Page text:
Can You Transfer Debt Into a Living Trust?

By Valerie Stevens

A living trust is an agreement in which you transfer your assets into the ownership of the trust. You can retain control of those assets by naming yourself as trustee until your death, at which time a successor trustee takes over and distributes your assets to your beneficiaries. While you cannot transfer debt into a living trust, creditors might be able to reach the assets in the trust during your lifetime and after your death.

Creditor Access

Whether or not your creditors may be able to access your trust assets depends on your level of involvement in the trust's management. If you named yourself as trustee of your living trust, while you retain control of the assets, you have little protection from creditors. Upon your death, your successor trustee may be responsible for paying your debts before distributing the trust assets. If you owe more than the value of the trust assets, your beneficiaries may get nothing from the trust.

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Requirements for a Irrevocable Family Trust Agreement
 

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Living Trust Guidelines

A living trust is a way of managing assets, a tool used primarily in estate planning. It offers a number of advantages over a last will and testament, including greater flexibility in the management and distribution of your assets. Living trusts are governed by state laws and these laws differ slightly from state to state.

What Assets to Put in a Living Trust?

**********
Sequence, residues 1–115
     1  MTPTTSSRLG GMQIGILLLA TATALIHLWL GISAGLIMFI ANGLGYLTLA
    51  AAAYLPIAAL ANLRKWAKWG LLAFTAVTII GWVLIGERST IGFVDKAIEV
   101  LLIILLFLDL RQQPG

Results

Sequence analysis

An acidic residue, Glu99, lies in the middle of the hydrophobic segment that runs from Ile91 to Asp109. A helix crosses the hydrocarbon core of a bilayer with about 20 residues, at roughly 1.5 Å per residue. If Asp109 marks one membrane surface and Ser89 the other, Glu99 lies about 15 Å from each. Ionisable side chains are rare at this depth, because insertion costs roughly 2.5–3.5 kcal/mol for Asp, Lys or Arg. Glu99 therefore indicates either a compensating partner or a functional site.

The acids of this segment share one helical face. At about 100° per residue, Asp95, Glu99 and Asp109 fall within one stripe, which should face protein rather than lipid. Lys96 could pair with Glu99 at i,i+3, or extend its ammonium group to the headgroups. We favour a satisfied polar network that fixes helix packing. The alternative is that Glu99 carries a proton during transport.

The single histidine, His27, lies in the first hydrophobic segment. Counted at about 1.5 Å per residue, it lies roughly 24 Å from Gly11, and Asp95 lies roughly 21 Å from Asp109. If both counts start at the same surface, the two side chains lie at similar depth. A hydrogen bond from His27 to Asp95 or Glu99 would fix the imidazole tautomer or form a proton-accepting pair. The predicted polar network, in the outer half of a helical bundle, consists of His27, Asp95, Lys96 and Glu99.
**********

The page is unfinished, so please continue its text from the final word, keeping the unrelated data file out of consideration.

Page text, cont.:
The greatest advantage to establishing a living trust is that it avoids having your assets pass through probate when you die. Another plus exists if your beneficiaries are not especially frugal or haven’t yet reached the age of majority. Your trust can distribute their bequests in installments or when they reach a certain age. Before these things can work in your favor, however, you must fund the trust by transferring your assets into it.

How to Prepare a Living Trust at Home

A living trust allows you to place assets under the care of a trustee who then distributes the assets to the beneficiaries of your choosing, in accordance with the terms you've set forth in your trust document. A living trust is often used to protect assets from the expense and delays of the probate process. A revocable trust is taxed as the grantor's personal assets, while an irrevocable trust is taxed as an independent legal entity. You may establish a living trust by executing a trust document and placing assets into the trust. Although it is best to retain an attorney to draft the living trust, it is possible to draft it yourself with the aid of an online legal document provider.

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